This weekend Australia rejected the worker’s party and chose the party of capital – although it was hard at times to recognise much difference between them – but by the time the three years are up I am sure that will have been clarified for many voters.

The relationship between land and capital was alive and well in your time too and your crafty redistribution of property. Those young noblewomen who voted with their feet, leaving their families and promises of marriage gifting their dowries to your convent. When you set up your convent in Rupertsberg, those monks you were leaving behind I expect weren’t that excited about your move in taking your charges and their land with you!

Hildegard you had visions that guided your steps and just as surely did the nonviolent revolutionaries like Cesar Chavez and the violent leaders of al-Qaeda; I ask myself, what kind of vision do I have to bring about the reforms I yearn for? The ballot box seems such an unimaginative vessel for revolution to be birthed, and yet I am a big fan of democracy. I suspect you weren’t that much of a fan of democracy, after all the church certainly wasn’t in your time and isn’t in mine anything like a democracy.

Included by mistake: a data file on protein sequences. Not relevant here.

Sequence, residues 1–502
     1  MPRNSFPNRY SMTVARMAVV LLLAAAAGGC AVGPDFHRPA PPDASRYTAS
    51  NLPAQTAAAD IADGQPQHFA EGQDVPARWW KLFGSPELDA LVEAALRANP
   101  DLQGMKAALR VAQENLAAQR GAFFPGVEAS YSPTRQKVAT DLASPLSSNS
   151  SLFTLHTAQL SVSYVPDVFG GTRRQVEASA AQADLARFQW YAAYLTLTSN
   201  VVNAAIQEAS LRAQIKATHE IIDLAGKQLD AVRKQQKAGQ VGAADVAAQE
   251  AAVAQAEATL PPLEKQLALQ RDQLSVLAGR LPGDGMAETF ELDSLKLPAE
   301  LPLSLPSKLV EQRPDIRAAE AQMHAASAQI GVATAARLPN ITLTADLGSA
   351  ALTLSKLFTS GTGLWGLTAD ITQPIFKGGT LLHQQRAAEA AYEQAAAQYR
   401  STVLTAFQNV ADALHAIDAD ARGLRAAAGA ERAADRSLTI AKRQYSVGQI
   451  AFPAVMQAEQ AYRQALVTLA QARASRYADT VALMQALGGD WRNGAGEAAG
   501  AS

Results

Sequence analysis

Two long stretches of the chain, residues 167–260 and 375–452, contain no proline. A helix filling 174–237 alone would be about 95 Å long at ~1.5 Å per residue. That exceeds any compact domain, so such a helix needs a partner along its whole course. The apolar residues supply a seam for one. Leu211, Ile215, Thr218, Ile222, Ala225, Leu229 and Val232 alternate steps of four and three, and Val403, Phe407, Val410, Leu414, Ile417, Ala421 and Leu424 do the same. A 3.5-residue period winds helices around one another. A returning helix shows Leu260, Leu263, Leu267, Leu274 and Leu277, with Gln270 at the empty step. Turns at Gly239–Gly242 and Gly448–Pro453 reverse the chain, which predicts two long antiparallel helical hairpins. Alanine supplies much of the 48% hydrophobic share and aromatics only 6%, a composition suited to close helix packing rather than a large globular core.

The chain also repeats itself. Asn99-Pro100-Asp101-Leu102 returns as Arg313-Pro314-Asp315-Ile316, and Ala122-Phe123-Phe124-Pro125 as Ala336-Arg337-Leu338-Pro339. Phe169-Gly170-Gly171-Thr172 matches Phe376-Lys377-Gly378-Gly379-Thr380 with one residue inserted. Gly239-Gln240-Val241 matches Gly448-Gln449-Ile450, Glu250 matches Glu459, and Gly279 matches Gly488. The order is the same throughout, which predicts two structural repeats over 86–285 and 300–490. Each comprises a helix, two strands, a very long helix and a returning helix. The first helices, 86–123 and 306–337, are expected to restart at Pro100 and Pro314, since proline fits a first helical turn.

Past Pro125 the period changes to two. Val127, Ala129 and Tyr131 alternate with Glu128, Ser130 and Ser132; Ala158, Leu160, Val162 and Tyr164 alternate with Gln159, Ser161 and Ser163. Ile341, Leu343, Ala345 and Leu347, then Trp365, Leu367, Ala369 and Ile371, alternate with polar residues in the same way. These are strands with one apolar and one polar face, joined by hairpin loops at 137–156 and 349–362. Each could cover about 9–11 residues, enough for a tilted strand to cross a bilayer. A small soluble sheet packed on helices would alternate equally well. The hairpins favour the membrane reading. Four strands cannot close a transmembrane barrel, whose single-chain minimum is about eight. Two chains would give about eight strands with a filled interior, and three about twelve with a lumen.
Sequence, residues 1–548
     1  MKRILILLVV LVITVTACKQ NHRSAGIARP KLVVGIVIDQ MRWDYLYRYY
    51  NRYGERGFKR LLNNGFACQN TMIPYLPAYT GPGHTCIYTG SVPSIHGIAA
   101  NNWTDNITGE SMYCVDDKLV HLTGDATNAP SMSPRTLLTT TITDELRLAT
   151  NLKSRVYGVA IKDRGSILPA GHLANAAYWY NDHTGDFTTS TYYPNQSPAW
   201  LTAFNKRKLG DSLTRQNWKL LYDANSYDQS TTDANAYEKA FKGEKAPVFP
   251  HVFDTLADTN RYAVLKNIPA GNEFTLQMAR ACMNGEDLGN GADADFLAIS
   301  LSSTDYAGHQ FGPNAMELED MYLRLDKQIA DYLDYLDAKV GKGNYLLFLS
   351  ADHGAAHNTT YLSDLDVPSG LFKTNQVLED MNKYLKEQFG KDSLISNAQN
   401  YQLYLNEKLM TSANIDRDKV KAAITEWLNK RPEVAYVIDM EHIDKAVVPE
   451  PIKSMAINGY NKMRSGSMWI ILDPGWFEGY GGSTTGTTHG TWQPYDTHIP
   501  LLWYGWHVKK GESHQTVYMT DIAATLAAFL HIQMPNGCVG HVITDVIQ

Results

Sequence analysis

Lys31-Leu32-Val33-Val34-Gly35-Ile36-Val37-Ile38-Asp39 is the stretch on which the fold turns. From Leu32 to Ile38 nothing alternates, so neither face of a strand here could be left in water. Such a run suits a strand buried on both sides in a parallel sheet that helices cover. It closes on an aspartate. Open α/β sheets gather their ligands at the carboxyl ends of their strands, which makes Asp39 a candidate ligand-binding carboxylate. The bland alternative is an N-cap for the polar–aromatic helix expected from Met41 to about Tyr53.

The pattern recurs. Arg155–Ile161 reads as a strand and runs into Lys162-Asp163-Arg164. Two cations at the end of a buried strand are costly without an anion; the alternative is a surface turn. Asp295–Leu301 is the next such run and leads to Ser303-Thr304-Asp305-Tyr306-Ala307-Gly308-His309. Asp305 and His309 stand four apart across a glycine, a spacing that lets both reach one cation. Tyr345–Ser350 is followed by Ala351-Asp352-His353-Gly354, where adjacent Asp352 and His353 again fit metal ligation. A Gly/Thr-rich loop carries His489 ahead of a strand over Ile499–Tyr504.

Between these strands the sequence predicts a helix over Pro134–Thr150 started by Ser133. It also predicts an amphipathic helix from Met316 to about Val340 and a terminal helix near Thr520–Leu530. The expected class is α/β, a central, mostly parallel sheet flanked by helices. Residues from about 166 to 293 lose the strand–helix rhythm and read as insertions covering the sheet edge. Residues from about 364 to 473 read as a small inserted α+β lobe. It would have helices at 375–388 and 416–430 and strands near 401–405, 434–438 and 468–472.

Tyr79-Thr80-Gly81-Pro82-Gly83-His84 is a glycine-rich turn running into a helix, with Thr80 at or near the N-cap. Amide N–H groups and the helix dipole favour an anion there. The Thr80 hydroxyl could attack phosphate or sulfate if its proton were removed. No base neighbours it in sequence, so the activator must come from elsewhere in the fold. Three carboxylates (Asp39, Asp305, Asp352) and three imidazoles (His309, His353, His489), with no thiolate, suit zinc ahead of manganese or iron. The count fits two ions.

Whether we find our selves running down the stairs to evacuate, sitting on a plane captured like an animal behind bars; abandoning our family or holding the banner and marching in the streets; we find ourselves in a big story. It is one big union we are all called to belong, and that union for me, is the uni-verse; the place where the one voice unites us all and calls us to a deep and sacred place.  My vision is for one song we all sing together in as many harmonies as we can invent; for one big union that we are all in together.

It’s not easy to hold on to this vision when planes fly into buildings, when people and their lands are separated from one another and when a government gets elected by neighbours that don’t share your values and idea of democracy.

One Big Union

The stairwell is filled with smoke.

I won’t be returning to my family home.